Rabbi Gordon Tucker Stirs Rabbis at High Holy Days

Conference 2014

 

What does one have when 140 Rabbis from all the streams of Judaism gather together? Not the start of a joke, but a day of learning and discussion that marks the start of preparations for the upcoming High Holy Days.  The 2014 High Holy Days Conference, presented by the Board of Rabbis of The Jewish Federation of Greater Los Angeles and chaired this year by Rabbi Jason Weiner, is an annual event that offers rabbis from across the denominational spectrum an opportunity to listen to ideas, discuss texts and debate complex concepts with one another – all while absorbing ideas for their High Holy Days sermons.


The Conference was held at Steven Wise Temple with stimulating workshops, much food for both body and mind, and two keynote addresses from Rabbi Gordon Tucker, Senior Rabbi at Temple Israel Center in White Plains, NY and professor at Jewish Theological Seminary.  Rabbi Tucker stirred his colleagues with two distinct presentations, Rosh Hashanah as Communal and Moral Journey and Yom Kippur as Spiritual and Existential Journey, echoing the different experiences of Rosh Hashanah and Yom Kippur and raising critical and prominent issues for the period.  


The breakout sessions included a presentation of “Unscrolled,” a project of Reboot, presented by Rabbi Susan Goldberg of Wilshire Boulevard Temple and Lisa Grissom of Reboot.  Featuring reinterpretations of the Torah by 54 leading Jewish writers and artists, “Unscrolled” encourages the inclusion of other art forms in finding meaning in tradition.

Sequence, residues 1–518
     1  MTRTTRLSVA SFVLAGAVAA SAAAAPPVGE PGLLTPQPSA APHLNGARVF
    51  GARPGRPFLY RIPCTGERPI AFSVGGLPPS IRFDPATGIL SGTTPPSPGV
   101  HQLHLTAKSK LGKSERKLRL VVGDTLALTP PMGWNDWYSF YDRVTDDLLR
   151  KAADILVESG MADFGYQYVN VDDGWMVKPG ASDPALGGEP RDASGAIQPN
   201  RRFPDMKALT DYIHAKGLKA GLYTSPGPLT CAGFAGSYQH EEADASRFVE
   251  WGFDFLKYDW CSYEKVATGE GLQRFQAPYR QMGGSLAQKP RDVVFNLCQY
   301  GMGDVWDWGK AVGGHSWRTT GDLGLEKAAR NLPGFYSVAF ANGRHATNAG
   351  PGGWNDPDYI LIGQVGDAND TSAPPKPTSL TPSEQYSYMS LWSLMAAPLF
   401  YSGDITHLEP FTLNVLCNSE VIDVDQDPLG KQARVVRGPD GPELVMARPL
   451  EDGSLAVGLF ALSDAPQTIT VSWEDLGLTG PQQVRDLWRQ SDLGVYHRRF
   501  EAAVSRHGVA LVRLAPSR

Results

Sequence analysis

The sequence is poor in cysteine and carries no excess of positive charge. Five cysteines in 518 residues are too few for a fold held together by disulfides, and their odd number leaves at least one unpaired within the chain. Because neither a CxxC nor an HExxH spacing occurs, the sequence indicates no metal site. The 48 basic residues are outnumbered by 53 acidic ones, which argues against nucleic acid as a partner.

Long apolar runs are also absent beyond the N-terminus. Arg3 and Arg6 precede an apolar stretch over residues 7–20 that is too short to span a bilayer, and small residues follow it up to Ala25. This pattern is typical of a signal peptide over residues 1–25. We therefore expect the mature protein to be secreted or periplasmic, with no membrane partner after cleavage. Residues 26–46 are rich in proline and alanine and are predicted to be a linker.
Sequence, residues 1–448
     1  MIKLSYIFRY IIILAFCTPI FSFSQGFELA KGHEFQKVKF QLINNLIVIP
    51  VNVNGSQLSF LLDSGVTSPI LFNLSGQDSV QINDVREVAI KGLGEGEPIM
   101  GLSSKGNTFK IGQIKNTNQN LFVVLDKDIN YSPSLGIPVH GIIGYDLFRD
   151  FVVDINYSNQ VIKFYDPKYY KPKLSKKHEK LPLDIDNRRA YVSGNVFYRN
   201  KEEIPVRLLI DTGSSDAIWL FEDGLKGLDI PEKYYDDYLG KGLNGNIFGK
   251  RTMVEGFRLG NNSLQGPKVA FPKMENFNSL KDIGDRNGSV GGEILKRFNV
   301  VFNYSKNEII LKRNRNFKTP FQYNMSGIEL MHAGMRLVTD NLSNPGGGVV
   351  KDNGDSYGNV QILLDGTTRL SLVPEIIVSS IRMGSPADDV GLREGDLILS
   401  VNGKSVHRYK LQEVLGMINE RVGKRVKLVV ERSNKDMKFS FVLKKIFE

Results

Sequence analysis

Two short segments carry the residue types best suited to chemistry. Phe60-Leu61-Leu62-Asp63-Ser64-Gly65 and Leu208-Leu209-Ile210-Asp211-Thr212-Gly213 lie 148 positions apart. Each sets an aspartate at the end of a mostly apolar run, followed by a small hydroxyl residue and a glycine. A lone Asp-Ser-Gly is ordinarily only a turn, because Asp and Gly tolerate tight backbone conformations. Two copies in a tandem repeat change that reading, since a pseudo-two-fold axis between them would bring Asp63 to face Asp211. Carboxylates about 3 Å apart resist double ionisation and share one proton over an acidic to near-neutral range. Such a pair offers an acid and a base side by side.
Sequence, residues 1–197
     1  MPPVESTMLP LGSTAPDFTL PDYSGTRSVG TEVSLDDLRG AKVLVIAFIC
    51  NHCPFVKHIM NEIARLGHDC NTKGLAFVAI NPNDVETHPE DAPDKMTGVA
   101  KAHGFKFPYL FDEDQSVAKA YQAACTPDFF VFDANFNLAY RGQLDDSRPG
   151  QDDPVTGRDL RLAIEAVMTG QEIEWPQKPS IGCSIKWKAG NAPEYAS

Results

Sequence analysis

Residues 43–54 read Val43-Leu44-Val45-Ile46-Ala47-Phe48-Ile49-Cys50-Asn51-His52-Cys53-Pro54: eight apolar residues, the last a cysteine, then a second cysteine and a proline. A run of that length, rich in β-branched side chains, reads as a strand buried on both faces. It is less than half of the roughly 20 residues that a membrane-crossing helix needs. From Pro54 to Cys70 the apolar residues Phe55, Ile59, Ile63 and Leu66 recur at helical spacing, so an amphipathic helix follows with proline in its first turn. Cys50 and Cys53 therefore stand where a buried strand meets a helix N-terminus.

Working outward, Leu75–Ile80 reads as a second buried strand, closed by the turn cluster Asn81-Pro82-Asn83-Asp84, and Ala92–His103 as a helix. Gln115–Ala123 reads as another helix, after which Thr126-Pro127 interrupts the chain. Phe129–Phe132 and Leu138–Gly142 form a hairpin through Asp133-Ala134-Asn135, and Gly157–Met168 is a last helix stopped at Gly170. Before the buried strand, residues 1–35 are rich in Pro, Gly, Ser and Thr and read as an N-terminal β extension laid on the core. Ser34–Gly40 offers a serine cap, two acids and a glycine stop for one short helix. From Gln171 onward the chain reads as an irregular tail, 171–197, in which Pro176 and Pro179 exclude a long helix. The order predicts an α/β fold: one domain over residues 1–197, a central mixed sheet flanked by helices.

The Professional Writers Workshop, brainchild of Rabbi Jon Hanish, brought in eight accomplished writers of shows such as Mad Men, The Simpsons and New Girl, who worked one-on-one with rabbis to bring principles of storytelling to their sermons.  Also on hand were Rabbi Ahud Sela teaching on Rav Kook and teshuvah, Rabbis Laura Geller and Dara Frimmer on dealing with end of life conversations, Rabbi Adam Kligfeld discussing the challenges of holiness in a rabbi’s relationships with congregants, Rabbi Zalman Kravitz examining lessons for Rosh Hashanah from a first-century conversation between Yochanan ben Zakkai and the Roman Emperor, and Dr. Tamar Frankiel on what it means to celebrate the birthday of the world in difficult times.


For many rabbis present it was an opportunity to renew their connection with Rabbi Tucker, who as the former dean of JTS, had been one of the most formative influences in their rabbinic training; for others, it was a chance to learn with one of the major intellects in the Conservative movement. 


Consul General of Israel David Siegel addressed the attendees for his third straight year, presenting views on current affairs in Israel and an outlook for what’s ahead.  As the son of a rabbi himself, Siegel has a great affinity for the members of the Board of Rabbis and their responsibilities.  Jay Sanderson, President and CEO of The Jewish Federation in his greetings spoke of the work that our Federation is doing in Israel during these very challenging times. 


In all these ways, it was a conference that addressed our people’s traditions and texts and the aspirations we have for a hopeful future.